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Serial Parallel DAGsDependence graphs of nested parallel computations are series parallel

Two tasks are parallel if not reachable from each other.A data race occurs if two parallel tasks are involved in a race if they access the same location and at least one is a write.

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Nested Parallelism: parallel loopsPASL/C++: Parallel_for (cntr, 0, n, [&] (i) {}) Cilk/C++: cilk_for (i=0; i < n; ++i) {B[i] = A[i]+1;}Microsoft TPL (C#,F#): Parallel.ForEach(A, x => x+1);Nesl, Parallel Haskell: B = {x + 1 : x in A}OpenMP #pragma omp for for (i=0; i < n; i++) {B[i] = A[i] + 1;}Page*15-210

Nested Parallelism: fork-joinJava fork-join framework, Microsoft TPL (C#,F#) Dates back to the 60s. Used in dialects of Algol, Pascal cobegin { S1; S2; }OpenMP (C++, C, Fortran, ) coinvoke(f1,f2) Parallel.invoke(f1,f2) #pragma omp sections { #pragma omp section S1; #pragma omp section S2; }

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Nested Parallelism: fork-joinPage*PASL/C++ fork2 ([&] (), [&] ())

Cilk/C++ spawn S1; S2; sync;

Various functional languages (exp1 || exp2)

Dialects of ML and Lisy plet x = exp1 y = exp2 in exp3 end

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Cilk vs. what weve coveredML: val (a,b) = par(fn () => f(x), fn () => g(y)) Psuedocode: (a,b) = (f(x) || g(y))Cilk: cilk_spawn a = f(x); b = g(y); cilk_sync; ML: S = map f APsuedocode: S = Cilk: cilk_for (int i = 0; i < n; i++) S[i] = f(A[i]) Page*15-210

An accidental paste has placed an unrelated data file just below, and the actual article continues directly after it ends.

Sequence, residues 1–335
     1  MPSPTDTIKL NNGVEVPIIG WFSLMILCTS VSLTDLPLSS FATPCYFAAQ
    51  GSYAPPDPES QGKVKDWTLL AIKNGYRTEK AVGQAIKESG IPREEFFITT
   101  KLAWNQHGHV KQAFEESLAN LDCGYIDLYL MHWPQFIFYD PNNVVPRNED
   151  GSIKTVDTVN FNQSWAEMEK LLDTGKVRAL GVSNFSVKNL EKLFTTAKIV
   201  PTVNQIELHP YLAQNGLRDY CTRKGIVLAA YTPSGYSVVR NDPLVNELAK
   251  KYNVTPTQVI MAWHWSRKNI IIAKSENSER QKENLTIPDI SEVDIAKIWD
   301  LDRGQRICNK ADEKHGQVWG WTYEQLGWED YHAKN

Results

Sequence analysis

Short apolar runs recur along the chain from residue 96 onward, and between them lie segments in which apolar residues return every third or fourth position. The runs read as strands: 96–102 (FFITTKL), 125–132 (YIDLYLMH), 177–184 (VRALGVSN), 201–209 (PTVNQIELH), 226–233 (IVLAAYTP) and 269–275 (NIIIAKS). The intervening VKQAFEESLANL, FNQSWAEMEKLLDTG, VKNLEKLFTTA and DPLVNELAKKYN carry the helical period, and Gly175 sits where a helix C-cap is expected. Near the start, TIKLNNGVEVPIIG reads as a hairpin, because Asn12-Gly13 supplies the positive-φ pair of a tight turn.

- Cilk vs. what weve coveredML: S = tabulate f nPsuedocode: S =
- Example Cilkint fib (int n) { if (n
Example OpenMP:Numerical Integration15-210*

The C code for Approximating PI15-210*

The C/openMP code for Approx. PI15-210*

- Example : Java Fork/Joinclass Fib extends FJTask { volatile int result; // serves as arg and result int n; Fib(int _n) { n = _n; } public void run() { if (n
Cost Model (General)Compositional:

Work : total number of operations costs are added across parallel calls

Span : depth/critical path of the computationMaximum span is taken across forked calls

Parallelism = Work/SpanApproximately # of processors that can be effectively used.Page*15-210

- *Combining for parallel for: pfor (i=0; i
*Simple measures that give us a good sense of efficiency (work) and scalability (span).Can schedule in O(W/P + D) time on P processors.This is within a constant factor of optimal.Goals in designing an algorithmWork should be about the same as the sequential running time. When it matches asymptotically we say it is work efficient.Parallelism (W/D) should be polynomial. O(n1/2) is probably good enough Why Work and Span15-210

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How do the problems do on a modern multicore15-210*

Chart3

31.6

24.6

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T1/T32

Sheet1

BenchmarkT1/T32Tseq/T32

Sort31.631.6

Duplicate Removal24.621.6

Min Spanning Tree1711.2

Max Independ. Set14.510

Spanning Forest18.459

Breadth First Search19.314.5

Delaunay Triang.20.815

Triangle Ray Inter.19.317

Nearest Neighbors12.2511.7

Sparse MxV17.517

Nbody21.818

Suffix Array1715

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T1/T32

Tseq/T32